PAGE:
This time a year ago I was my daughter’s guest at a recovery barbecue. We made our way there via a South Boston park with harbor views. People were playing what appeared to be a game of “pick up” baseball. A handful of lucky fans sat under the few trees that sported shade. I kept walking through invisible puffs of cigarette smoke. Children were screaming with their mouths entirely full of half eaten hotdogs. It was, you know, quintessential American stuff.
We found the recovery center across the street – in the scrubby back yard of a former church property. Outside an old man with a gold tooth was watering an incredible, and I mean incredible, garden. He smiled at us.
Inside the yard we were handed raffle tickets. Strangers cooked us hamburgers. We drank extremely cold sodas from an overly iced trash can. People made room for us at crowded picnic tables. We ate watermelon and chips from wicker baskets. We listened to top 40 music from speakers slung here and there.
I watched a young man perform a break dance that was skillful and unabashed. He spun with pure joy on a small patch of concrete. His eyes were half closed. My self conscious self had nothing in common with him. At the time I thought it was the dance that enthralled me.
Later this same boy shared his story. His drug use had left him homeless. He had slept under a bridge for a year: through a Boston winter. His life had been saved by another person at the party. His life had been saved by some guy at the party.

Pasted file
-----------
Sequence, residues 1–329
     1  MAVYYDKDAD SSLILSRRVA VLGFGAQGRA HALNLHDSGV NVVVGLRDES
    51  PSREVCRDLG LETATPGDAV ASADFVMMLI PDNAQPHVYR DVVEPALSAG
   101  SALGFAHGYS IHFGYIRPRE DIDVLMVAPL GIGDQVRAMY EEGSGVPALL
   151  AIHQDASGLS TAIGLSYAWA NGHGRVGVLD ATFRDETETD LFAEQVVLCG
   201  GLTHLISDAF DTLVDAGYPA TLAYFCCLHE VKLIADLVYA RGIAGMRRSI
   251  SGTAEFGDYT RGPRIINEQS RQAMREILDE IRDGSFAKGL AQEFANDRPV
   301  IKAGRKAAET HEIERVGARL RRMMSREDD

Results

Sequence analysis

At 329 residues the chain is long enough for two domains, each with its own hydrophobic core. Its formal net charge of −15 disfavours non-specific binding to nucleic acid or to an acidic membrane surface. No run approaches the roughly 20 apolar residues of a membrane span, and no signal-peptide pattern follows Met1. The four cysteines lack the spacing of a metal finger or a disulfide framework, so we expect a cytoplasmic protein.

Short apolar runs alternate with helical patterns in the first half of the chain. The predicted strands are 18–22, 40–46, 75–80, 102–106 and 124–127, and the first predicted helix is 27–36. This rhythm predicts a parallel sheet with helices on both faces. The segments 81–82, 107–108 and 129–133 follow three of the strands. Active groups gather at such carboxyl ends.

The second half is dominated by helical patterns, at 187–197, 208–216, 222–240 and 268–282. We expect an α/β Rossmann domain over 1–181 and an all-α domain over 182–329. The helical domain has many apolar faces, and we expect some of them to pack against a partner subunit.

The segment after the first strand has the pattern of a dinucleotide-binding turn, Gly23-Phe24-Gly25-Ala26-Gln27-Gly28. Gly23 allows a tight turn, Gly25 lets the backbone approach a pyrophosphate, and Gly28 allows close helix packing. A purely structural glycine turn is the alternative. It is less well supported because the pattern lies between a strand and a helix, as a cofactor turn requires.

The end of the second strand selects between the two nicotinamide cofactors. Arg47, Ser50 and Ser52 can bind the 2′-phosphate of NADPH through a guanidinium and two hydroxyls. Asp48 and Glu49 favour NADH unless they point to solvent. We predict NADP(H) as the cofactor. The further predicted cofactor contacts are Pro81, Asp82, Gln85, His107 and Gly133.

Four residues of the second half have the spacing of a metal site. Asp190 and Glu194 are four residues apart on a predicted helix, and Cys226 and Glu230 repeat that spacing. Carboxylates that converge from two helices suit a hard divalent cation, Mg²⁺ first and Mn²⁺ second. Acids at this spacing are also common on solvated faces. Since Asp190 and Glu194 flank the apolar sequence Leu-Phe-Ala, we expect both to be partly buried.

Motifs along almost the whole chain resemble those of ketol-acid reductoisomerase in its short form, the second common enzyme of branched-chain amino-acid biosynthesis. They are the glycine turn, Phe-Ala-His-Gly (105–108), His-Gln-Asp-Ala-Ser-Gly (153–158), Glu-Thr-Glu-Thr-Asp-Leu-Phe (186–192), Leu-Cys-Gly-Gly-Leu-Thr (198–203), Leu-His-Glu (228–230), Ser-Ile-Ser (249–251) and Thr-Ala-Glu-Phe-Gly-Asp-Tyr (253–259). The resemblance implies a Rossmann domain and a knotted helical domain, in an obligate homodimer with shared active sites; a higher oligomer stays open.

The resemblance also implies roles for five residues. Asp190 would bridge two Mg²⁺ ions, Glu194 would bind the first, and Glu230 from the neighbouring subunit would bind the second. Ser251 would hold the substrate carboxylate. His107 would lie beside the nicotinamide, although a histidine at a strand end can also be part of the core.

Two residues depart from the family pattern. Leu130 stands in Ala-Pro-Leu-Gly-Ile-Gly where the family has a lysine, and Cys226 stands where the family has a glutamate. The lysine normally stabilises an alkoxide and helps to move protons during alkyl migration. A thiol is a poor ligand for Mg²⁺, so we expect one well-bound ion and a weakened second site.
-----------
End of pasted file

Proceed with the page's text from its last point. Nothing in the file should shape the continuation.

How many of us ever save anything? Maybe we salvage a burning dinner, or retrieve a lost accounts payable receipt. Better yet, we preserve a colleague’s job. Or rescue a stray dog. Those are all great for sure… but not quite the same.
Clearly this was not your typical barbecue.
When the young man won the raffle prize (a long sleeved jersey) he handed it to my daughter. He knew she liked it. Possibly he was trying to impress her, but of that I am not certain. I do know that he most likely owned very little…and he gave it away just to see her smile.
Inside the building we found my daughter’s counselor playing the cello. She had it steadied between her legs, and her tattooed wrist held a delicate, long bow. A young man with the teeth of a meth addict accompanied her on the guitar. The sound of her cello and the sound of his voice broke my heart into a million, billion pieces.
I have been turning this day over in my head for a very long time.